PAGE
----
FBI: Email Scams Take $3.1 Billion Toll on Businesses


Business-related inbox scams are reaching epidemic levels with the total cost to business reaching a whopping $3.1 billion. The dire warning comes from the FBI that says skyrocketing losses represent a 1,300 percent increase since January 2015.

Identified by the FBI as business e-mail compromise (BEC) crimes, the scams attempt to trick email recipients into money wire transfers, forwarding sensitive employee data such as W-2 data, paying fake invoices, or hijacking employee email accounts in order to use stolen email identities to win the confidence of scam targets.

The FBI has stepped up its BEC awareness campaign less than a month since it released its annual Internet Crime Complaint Center (IC3). In that report, the FBI reported U.S. businesses were hit hardest by BEC scams in 2015 with 7,838 complaints and losses of more than $263 million.

On Tuesday, the FBI refreshed those BEC numbers reporting 22,143 worldwide BEC victims representing $3.1 billion in losses since January 2015. Closer to home the FBI reports 14,032 U.S. BEC victims representing $961 million dollars in losses between October 2013 and May 2016.

The FBI data shows U.S. businesses are disproportionately affected by BEC crimes with 88 percent of all worldwide victims being U.S.-based and 90 percent of losses coming from U.S. companies.

“The BEC scam continues to grow, evolve, and target businesses of all sizes,” wrote the FBI. “The scam has been reported by victims in all 50 states and in 100 countries. Reports indicate that fraudulent transfers have been sent to 79 countries with the majority going to Asian banks located within China and Hong Kong.”

Security experts say these types of cybercrimes are difficult to protect against. “With BEC attacks there is no malware involved. You are exploiting human trust and business processes that involve email,” said Ryan Kalember, SVP cybersecurity strategy at the security firm Proofpoint in an interview with Threatpost reacting to the May IC3 report.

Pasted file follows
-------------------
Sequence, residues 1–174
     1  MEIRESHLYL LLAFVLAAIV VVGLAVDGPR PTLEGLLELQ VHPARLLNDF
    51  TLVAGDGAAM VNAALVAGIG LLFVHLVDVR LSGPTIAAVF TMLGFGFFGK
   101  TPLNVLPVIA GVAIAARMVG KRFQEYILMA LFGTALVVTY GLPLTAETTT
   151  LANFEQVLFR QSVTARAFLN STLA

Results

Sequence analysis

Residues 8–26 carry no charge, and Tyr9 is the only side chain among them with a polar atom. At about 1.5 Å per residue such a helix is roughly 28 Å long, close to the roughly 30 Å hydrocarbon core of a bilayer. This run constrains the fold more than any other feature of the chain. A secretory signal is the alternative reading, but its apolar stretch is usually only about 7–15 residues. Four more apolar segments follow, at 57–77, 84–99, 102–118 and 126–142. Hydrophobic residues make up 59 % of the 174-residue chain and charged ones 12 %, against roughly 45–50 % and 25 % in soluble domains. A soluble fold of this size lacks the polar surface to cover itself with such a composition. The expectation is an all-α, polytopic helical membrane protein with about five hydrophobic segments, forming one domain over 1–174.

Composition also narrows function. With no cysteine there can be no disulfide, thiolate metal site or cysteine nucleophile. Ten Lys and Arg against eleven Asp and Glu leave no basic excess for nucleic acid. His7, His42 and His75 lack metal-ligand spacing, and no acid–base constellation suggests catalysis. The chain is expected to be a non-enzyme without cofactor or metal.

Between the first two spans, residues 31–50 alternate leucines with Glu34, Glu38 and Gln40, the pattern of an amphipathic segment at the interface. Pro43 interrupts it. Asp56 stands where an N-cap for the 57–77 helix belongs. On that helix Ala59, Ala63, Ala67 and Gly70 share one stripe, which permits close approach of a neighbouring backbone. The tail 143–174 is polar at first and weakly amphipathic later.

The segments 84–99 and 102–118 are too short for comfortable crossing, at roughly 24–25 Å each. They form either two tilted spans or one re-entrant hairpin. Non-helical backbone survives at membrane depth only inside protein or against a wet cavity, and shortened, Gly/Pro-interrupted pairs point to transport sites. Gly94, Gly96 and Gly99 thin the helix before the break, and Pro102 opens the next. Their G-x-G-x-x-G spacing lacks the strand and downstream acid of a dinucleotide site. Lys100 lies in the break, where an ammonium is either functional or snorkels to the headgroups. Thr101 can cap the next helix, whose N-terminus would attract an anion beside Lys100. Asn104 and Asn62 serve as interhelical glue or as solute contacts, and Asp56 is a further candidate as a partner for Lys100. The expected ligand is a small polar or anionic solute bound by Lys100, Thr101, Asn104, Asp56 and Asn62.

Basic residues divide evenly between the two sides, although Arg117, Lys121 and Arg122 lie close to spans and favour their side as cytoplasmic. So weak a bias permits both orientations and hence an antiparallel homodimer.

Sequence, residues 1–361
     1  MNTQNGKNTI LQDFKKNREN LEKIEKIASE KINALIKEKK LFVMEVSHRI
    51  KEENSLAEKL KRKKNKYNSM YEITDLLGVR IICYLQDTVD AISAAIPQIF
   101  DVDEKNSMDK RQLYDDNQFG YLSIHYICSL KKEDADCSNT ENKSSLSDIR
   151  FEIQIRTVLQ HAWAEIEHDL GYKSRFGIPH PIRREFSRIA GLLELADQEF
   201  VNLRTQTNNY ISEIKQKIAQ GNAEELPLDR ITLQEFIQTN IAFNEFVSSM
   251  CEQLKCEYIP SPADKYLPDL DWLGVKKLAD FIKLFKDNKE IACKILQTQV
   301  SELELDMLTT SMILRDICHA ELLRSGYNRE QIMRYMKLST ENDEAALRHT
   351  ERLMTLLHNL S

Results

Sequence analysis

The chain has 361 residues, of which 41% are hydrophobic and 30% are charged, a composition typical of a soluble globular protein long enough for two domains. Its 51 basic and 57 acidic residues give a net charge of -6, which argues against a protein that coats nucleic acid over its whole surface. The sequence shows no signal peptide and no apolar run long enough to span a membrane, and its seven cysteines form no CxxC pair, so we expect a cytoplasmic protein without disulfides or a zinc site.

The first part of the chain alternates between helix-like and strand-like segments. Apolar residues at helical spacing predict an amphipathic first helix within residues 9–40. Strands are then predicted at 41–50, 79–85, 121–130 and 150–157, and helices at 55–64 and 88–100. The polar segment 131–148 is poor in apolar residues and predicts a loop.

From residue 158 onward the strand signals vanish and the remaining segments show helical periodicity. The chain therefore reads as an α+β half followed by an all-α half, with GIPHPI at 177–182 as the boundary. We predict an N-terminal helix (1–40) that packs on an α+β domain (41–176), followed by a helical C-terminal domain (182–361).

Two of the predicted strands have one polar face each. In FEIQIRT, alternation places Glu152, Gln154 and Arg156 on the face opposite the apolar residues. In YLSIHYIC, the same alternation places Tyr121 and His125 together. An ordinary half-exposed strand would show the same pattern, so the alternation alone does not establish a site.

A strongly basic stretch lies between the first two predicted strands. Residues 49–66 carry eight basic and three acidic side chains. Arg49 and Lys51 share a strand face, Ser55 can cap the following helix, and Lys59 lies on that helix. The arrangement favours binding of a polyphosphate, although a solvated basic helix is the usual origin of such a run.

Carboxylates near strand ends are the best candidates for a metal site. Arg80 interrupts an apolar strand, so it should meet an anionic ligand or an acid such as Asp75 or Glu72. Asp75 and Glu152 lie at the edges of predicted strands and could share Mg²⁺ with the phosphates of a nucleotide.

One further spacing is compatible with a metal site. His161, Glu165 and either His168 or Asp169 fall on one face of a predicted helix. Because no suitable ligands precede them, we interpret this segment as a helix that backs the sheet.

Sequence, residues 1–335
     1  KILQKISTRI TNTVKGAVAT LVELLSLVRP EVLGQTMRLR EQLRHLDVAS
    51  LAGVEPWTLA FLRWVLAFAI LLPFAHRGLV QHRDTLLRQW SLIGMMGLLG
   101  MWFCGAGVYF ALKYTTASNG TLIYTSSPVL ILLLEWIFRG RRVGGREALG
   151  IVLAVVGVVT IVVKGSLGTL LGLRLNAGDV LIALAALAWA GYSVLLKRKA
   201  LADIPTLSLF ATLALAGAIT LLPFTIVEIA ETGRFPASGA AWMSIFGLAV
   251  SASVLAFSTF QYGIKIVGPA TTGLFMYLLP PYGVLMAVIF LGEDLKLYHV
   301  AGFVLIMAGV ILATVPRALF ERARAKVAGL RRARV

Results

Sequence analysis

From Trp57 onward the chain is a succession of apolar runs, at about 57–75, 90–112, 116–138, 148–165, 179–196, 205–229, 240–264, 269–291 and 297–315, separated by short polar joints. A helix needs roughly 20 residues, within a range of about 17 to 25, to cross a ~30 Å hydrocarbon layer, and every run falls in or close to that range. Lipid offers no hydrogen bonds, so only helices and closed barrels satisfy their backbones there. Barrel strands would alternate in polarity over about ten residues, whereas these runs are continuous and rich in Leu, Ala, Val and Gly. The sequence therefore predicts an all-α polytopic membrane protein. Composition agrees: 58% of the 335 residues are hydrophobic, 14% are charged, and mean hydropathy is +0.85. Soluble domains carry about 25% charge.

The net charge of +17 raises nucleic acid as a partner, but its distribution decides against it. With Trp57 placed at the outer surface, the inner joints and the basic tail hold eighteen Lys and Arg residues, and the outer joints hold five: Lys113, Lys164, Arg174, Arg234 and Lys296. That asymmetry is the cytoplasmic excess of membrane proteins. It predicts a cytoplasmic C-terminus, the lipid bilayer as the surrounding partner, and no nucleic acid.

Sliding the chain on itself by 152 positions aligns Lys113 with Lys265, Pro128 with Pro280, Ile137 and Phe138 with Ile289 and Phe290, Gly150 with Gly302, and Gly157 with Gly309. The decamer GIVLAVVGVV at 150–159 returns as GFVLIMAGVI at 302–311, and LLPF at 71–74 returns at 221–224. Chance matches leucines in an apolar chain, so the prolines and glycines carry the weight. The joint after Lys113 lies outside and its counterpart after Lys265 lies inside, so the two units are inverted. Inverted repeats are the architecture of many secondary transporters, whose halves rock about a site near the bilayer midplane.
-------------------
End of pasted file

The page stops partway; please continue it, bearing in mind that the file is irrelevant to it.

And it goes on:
Despite the low-tech email attack vector, the FBI warns business e-mail compromise attacks can be extremely sophisticated. Attackers can lie in wait for extended periods of time studying whom a business does business with and what the business protocols are for wire transfers.

Security experts tell Threatpost they are seeing an uptick in elaborate and sophisticated ruses that involve CEOs, CFOs, COOs, HR departments and accounting. Attacks are become more sophisticated involving criminals going so far as monitoring a CEO’s social media feed to best time and color a fake request for a wire transfer.

The FBI says that BEC can also be springboards to other types of crimes with victims reporting romance, lottery, employment, and rental scams as well. In some instances, the FBI warns, victims are unwittingly drawn into becoming “money mules.” In these instances, money is transferred into target account and then directed to quickly transferred to a second offshore account or shell corporation.

Tips for steering clear of becoming a BEC victim, according to the FBI, include:

  • Be careful what is posted to social media and company websites, especially job duties/descriptions, hierarchical information, and out of office details.
  • Be suspicious of requests for secrecy or pressure to take action quickly.
  • Consider additional IT and financial security procedures, including the implementation of a 2-step verification processes for out of band and communication
  • Consider implementing two factor authentication for corporate e-mail accounts.
  • Do not use the “Reply” option to respond to any business e-mails. Instead, use the “Forward” option and either type in the correct e-mail address or select it from the e-mail address book to ensure the intended recipient’s correct e-mail address is used.

[source: FBI: Email Scams Take $3.1 Billion Toll on Businesses]

Netgear Router Update Removes Hardcoded Crypto Keys


Netgear on Friday released firmware updates for two of its router products lines, patching vulnerabilities that were reported six months ago.

Users should update to firmware version, which includes fixes for an authentication bypass vulnerability and also addresses a hard-coded cryptographic key embedded in older versions of the firmware.

A vulnerability note published by CERT operating at the Software Engineering Institute at Carnegie Mellon University said Netgear router models D6000 and D3600 running firmware versions and are affected. CERT cautions that other models and firmware versions could also be susceptible to the same issues.

The flaws pose a risk to the privacy and security of data moving through the networking gear.

“A remote unauthenticated attacker may be able to gain administrator access to the device, man-in-the-middle a victim on the network, or decrypt passively captured data,” CERT said in its note.